So far, we have been looking at how we can use the Weather menu to create an enjoyable environment for our exterior scenes. Lumion is also capable of producing beautiful interior scenes, but we need to work a little bit with the interior illumination before we can produce something that is presentable and eye-catching. For interior scenes, we can use the Global Illumination effect to improve the illumination that is either provided by the Sun or some artificial source of illumination. We can improve the interior look and illumination using Global Illumination.
An element that can bring an extra touch to the final movie are the clouds. This is a component that does not always cross our mind when trying to attain a good-looking and realistic movie. Lumion provides us with a lot of freedom not only to change the appearance of the clouds, but also to animate and even create volume clouds to bring this fine-tuning to a different dimension.
Fog is a natural phenomenon that can be added to our project, and it can really change a scene dramatically. With it, we can make a scene more mysterious or reproduce the haze where dust, smoke, and other dry particles obscure the clarity of the sky. With the Fog effect, we can achieve this and much more.
The fact that we can add rain and snow, as easy as reading this sentence, really proves that Lumion is a powerful and versatile application. Adding rain or snow is something that we can easily achieve by adding two effects in the Photo or Movie mode.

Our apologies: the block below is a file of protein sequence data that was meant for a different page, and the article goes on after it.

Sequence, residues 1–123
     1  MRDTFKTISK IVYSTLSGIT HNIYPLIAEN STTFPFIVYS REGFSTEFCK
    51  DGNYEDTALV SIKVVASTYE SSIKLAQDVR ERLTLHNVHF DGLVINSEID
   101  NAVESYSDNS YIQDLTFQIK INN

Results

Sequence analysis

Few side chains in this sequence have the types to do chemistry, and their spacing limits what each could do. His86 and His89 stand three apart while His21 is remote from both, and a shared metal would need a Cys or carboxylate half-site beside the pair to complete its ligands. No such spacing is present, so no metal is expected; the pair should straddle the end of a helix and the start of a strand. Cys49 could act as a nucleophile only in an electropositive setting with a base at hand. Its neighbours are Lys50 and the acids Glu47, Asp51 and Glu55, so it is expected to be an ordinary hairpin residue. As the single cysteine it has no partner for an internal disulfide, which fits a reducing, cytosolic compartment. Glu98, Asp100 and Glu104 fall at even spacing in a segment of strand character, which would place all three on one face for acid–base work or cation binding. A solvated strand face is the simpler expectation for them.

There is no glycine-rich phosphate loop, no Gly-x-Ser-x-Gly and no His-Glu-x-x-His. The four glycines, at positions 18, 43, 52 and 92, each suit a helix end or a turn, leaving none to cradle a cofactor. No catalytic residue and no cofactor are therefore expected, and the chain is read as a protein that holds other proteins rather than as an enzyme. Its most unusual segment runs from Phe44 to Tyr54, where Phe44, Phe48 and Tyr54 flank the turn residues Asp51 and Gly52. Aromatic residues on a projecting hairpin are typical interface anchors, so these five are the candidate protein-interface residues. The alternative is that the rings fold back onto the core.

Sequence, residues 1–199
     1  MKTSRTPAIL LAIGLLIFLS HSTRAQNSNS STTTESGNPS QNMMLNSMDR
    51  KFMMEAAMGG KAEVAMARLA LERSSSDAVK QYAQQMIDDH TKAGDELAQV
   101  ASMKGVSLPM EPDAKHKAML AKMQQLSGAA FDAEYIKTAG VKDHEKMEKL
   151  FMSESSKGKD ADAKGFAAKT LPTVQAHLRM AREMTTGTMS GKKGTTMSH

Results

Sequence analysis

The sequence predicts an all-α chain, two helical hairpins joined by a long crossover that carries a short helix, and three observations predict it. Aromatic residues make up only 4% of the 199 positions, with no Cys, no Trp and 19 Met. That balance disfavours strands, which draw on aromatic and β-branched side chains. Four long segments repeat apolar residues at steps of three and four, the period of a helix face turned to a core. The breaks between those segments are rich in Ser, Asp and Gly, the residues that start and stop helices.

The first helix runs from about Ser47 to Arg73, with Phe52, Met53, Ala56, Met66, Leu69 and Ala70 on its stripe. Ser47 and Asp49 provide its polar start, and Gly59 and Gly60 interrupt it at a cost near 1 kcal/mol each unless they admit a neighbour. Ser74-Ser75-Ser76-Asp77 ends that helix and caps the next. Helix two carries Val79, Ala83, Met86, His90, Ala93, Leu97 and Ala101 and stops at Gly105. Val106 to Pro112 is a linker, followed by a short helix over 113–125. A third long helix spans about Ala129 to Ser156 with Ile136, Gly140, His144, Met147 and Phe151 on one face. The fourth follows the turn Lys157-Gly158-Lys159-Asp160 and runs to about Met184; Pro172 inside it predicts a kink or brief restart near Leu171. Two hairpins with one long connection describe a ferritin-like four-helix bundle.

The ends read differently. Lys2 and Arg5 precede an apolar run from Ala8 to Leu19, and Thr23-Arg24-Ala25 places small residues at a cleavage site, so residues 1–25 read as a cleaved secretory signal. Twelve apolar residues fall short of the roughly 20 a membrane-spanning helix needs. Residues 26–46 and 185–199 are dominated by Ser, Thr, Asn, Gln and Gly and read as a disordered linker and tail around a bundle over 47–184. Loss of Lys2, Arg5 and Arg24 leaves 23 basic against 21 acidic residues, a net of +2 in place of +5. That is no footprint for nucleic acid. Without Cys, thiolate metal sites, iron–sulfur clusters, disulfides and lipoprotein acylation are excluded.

Lumion by default uses wind in any project you start. Once you add the first trees, you can see how they slowly move showing the effect of the wind. We can control the wind using the, yes you are right, the Foliage Wind effect.
Another option to control the Sun is using a new feature introduced in Lumion Version 4. This option, that we can find under the Effects label, is called Sun study. It is an amazing feature that allows us to select any point on the planet and mimic the Sun in that location. However, there is much more that we can do with this effect.
Lumion has more than 500 materials on hand and generally this is more than adequate. Still, Lumion is a very flexible application, and for this reason, you are not fixed with just these materials. We have the opportunity to use our own textures to create other materials. Lumion is not going to show you all the settings that you can use to tweak the material; instead, we are going to focus on how we can replace and adjust an outside texture.
Making a 3D model invisible or hiding surfaces from our 3D model is something that we don't anticipate to do in every project. However, there are times when the Invisible material can be very handy, and Lumion demonstrates not only how to apply it, but also some specific situations that we may consider while using this material.
Glass is essential in any project we work. From the glass in a complex window to a simple cup made of glass, this material has a deep impact on a still image and even more on a movie, helping us capture the light and reflections of the environment. Lumion has a glass material that can be used to create some of these materials. The Glass material can be manipulated to get a more realistic look.